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It's possible that making a symbolic link is not at all comparable to making an alias. But from what I understand about symbolic links so far, they do the same thing as setting an alias: they define a new command that you can enter into your terminal to execute something with a different name

When should you make an alias and when should you make a symbolic link?

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An alias can include options and arguments, letting you set your preferred default options for a command:

alias ll='ls -l'

and has nothing to do with files.

A symbolic link creates an entry in the file system that refers to some other file in the file system:

link -s ~/somedirectory/mydoc.txt ~/someotherdirectory

will create a link in someotherdirectory to mydoc.txt

However.

If a link is used for an executable file then it can give a new name for a command, just as alias can. For instance on my system ls -l /usr/bin/vi says

lrwxr-xr-x  1 root  wheel     3B 19 Nov  2019 /usr/bin/vi -> vim

So now vi is an executable command that is identical to vim. Similarly, many systems have both python2 & python3 installed, and then python will be symlink to one of them.

In practise the biggest difference is usually:

  • aliases are defined in your profile scripts, they are usually specific to you and they only work in the shell.
  • When an executable is linked to a new name in a bin directory then it's a system command available to all processes and users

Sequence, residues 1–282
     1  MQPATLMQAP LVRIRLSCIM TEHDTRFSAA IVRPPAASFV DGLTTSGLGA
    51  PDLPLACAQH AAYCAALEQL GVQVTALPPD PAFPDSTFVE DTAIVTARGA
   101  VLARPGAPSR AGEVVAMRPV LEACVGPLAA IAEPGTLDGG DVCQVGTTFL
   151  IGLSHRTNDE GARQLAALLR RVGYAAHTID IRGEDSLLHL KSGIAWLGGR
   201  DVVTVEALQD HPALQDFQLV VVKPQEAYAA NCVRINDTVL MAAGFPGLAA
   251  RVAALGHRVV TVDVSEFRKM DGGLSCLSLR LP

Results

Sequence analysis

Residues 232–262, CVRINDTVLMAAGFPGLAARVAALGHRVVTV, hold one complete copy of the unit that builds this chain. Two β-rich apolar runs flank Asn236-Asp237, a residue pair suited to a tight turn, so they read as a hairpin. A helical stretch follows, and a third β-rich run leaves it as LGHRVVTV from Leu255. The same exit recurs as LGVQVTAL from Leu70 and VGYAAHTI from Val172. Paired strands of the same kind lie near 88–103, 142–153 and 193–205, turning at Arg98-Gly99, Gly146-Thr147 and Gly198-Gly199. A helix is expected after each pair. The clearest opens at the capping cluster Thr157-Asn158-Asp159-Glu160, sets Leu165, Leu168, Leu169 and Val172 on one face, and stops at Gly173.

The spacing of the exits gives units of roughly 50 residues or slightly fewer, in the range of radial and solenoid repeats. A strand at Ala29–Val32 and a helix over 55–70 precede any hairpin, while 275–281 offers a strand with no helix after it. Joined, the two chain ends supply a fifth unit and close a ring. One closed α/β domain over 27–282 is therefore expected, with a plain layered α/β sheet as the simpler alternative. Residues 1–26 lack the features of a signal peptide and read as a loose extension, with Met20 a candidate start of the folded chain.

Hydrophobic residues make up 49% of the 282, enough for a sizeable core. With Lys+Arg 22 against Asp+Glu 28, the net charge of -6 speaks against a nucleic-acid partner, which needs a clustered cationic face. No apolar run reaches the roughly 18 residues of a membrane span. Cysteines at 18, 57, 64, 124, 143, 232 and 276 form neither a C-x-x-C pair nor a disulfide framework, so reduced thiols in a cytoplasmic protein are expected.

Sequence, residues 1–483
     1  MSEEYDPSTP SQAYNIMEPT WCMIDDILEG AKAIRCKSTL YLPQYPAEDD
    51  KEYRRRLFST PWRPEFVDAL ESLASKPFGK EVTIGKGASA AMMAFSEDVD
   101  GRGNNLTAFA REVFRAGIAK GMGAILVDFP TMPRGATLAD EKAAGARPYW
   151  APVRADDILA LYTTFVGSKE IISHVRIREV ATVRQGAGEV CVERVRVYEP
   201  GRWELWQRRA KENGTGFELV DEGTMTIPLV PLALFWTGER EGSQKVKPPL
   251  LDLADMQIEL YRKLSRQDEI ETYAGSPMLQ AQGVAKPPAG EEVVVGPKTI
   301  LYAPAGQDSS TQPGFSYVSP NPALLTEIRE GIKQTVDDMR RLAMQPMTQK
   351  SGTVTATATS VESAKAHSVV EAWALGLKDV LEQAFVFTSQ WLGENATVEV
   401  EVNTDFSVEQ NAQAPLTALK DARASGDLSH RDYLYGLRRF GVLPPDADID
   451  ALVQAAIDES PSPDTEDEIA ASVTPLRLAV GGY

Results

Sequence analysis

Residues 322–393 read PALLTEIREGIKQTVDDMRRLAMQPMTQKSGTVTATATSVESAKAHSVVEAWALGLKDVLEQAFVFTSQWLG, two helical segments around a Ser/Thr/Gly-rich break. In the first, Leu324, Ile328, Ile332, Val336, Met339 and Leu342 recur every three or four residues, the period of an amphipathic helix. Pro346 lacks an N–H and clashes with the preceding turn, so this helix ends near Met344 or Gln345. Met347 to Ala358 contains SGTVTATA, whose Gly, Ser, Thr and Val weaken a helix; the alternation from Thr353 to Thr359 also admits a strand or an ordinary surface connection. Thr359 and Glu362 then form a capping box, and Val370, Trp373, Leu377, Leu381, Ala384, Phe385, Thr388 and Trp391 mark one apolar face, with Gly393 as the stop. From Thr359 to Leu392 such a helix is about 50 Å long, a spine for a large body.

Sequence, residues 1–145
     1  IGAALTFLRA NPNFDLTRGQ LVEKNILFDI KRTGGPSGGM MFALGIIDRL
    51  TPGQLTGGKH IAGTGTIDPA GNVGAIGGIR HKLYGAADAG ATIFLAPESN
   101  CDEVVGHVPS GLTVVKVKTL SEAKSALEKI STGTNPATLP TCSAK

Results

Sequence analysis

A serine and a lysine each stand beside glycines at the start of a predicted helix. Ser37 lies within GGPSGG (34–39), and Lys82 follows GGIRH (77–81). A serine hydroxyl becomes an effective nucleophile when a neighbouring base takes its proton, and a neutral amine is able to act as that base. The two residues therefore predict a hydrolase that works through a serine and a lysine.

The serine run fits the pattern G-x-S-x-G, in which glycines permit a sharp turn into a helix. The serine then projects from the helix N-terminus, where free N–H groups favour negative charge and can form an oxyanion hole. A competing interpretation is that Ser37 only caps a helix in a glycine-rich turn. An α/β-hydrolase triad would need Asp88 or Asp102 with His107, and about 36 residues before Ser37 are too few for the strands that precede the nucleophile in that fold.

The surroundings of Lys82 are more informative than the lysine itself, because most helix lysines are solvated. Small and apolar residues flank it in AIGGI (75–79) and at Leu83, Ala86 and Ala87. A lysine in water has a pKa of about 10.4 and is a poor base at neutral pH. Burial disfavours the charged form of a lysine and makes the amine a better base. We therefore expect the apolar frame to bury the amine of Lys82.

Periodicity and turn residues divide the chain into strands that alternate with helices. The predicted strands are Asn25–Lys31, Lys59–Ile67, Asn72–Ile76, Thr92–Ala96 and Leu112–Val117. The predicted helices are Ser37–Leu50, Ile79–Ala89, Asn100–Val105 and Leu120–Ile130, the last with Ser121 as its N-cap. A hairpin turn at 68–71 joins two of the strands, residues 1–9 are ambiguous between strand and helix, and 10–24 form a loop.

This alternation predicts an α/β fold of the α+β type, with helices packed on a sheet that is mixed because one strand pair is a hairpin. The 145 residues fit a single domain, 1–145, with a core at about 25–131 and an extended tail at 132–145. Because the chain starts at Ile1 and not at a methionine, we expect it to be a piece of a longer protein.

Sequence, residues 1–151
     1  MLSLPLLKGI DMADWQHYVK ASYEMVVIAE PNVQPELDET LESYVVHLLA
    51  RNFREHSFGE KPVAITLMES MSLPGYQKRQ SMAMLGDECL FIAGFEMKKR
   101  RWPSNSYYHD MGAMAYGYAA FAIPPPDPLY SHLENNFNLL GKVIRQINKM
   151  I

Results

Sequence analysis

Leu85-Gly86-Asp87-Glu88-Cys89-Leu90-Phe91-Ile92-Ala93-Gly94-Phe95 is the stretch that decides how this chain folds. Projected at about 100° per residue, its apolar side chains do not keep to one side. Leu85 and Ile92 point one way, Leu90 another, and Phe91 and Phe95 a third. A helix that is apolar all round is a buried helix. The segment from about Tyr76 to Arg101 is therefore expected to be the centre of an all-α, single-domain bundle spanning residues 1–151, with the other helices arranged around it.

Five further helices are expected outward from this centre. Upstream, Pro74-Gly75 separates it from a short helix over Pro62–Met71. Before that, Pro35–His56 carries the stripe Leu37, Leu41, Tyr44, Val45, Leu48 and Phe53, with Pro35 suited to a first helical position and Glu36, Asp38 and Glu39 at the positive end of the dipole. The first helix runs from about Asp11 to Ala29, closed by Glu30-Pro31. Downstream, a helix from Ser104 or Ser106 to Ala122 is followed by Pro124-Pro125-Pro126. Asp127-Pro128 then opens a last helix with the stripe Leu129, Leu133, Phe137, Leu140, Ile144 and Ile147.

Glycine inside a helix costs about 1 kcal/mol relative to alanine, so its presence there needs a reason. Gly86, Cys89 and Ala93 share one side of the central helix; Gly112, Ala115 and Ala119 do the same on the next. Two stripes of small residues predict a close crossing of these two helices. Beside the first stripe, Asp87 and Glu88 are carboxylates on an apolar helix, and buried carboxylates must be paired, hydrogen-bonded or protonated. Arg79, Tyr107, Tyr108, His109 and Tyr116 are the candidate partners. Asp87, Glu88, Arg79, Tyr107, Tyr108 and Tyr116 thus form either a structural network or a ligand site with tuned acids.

• Thank you! I've never thought about this before, but what significance does making a symbolic link to a non-executable have? In terms of your example, what purpose would a link to mydoc.txt in someotherdirectory serve? – James Ronald Aug 11 '20 at 0:12
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    @JamesRonald It would useful if there was a script or an application that was set to write to a file that's in a certain directory. For example, there can be a script with many lines that write to /new_data/chemistry/experiments/type_1 but if the file is moved elsewhere such as /new_data/chemistry_1/experiments/type_1, and one doesn't want to alter the script, then one can create a symbolic link in the old directory that points to the file in the new directory. – Nasir Riley Aug 11 '20 at 0:39
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    @JamesRonald Debian-based Linux systems also use symlinks extensively for the "alternatives" mechanism. – AdminBee Aug 11 '20 at 6:46
  • @NasirRiley That is crazy useful, thanks so much! – James Ronald Aug 11 '20 at 21:17

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